Granny Grammar Me and You

Me and you … You and me, you and I, my sister and I, me and my brother.

Also: her and him, him and I, we girls, us girls, and “one”.

Oh dear. What a lot of difficulties there are when talking about people – especially when more than one person is involved.

Do you say: “Him and I are going out”?
Do you say: “Mother gave it to my brother and I”?
Do you say: “Me and him, we are going out”?

Let’s look at the first example: who is going out? For a start, I am, and “he” is too – not “him”. So just put the two correct references together. “He and I are going out” is correct. It is the convention that you put yourself second to be polite, but “I and he are going out” sounds clumsy anyway.

The second example might sound correct, but should you always refer to yourself as “I”? No! If Mother denied your brother whatever-it-was she gave, you wouldn’t say “Mother gave it to I”, you would say “Mother gave it to me”. So why alter how you refer to yourself just because you had to share something with your brother? If in doubt, remove the other person and it all becomes more straightforward.

Bearing that in mind, the third example is also wrong. You wouldn’t say “Me is going out” or “Me are going out”, would you? Neither would you say, “Him is/are going out”. So the correct way to say it is “He and I are going out”.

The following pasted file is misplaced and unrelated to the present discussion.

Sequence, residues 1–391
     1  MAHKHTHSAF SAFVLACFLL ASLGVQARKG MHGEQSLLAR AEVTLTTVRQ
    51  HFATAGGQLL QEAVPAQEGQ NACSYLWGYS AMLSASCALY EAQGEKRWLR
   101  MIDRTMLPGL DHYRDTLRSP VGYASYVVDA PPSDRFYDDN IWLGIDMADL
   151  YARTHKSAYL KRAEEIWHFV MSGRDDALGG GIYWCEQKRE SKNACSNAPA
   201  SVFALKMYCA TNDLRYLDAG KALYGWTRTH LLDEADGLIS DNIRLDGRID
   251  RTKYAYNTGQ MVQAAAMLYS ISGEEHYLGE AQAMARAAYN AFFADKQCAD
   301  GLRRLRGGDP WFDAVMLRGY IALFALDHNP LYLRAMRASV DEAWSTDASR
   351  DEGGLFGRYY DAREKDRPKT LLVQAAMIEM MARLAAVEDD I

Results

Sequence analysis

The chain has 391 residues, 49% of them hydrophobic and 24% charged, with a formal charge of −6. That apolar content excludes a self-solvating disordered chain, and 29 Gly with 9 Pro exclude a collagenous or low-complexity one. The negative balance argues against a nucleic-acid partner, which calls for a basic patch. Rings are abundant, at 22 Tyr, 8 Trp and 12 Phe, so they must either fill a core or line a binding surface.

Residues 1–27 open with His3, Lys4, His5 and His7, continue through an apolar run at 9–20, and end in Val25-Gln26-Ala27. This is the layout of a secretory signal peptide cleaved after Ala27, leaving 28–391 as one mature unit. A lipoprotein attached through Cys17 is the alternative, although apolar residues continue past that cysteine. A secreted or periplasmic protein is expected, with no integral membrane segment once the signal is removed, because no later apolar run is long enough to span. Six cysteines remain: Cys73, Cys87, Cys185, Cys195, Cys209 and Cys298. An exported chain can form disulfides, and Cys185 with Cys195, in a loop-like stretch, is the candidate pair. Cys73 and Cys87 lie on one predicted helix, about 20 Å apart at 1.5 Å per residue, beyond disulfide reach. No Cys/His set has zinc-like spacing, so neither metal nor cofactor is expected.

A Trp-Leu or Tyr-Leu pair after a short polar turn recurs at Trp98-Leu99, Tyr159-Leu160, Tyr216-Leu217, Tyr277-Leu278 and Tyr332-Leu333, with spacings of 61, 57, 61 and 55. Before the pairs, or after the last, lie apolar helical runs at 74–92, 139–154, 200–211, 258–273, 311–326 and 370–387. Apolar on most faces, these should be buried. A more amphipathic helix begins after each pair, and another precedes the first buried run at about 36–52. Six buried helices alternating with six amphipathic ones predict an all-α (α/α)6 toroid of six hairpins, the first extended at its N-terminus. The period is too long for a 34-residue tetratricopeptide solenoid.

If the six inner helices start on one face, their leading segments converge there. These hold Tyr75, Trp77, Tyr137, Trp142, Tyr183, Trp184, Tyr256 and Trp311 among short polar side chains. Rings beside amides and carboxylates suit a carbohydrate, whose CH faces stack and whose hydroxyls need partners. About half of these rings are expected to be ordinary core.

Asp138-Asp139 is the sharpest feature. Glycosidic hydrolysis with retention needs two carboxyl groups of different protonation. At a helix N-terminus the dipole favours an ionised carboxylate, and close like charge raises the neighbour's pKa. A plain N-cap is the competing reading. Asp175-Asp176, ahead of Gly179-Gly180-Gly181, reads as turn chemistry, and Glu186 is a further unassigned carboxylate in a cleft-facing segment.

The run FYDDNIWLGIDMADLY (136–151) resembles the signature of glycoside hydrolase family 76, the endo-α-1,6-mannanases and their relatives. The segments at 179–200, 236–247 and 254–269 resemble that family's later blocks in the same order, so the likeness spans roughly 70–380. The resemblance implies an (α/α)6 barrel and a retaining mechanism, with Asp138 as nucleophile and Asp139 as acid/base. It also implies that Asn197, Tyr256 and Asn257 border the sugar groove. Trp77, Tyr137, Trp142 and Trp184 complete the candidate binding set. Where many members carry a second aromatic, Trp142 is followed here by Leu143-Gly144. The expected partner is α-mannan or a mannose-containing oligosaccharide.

Do you say: “Us girls are going out”?
Who is going out? We are. “We girls are going out.”

Do you say: “There is a box of chocolates for we boys”?
Chocolates for who? For us. “There is a box of chocolates for us boys.”

Do you say: “However long the sentence, us old lags who have done prison before can cope”?
Who can cope? Us can cope? I think not! We can cope.

To make sure, just get rid of the qualifying words (girls, boys, and old lags who have done it before) and it becomes more straightforward.


“When one falls off one’s horse…” is the example most often quoted to ridicule people for using the word “one”. I believe it was originally uttered by royalty, but there is a misconception that using the word “one” is an attempt at being posh. However, it is actually is a short way of saying “anyone” and is opposite to “no one”.

So “No one really likes eating worms,” is correct because it refers to people in general. Therefore, “If one eats worms, one will not come to any harm,” is also perfectly correct and in no way regal or posh – it just means that anyone daft enough to eat worms will survive.

“One should not eat worms.” That means anyone: me, you, the Queen and everyone else.

Next time: Dickens was wrong!

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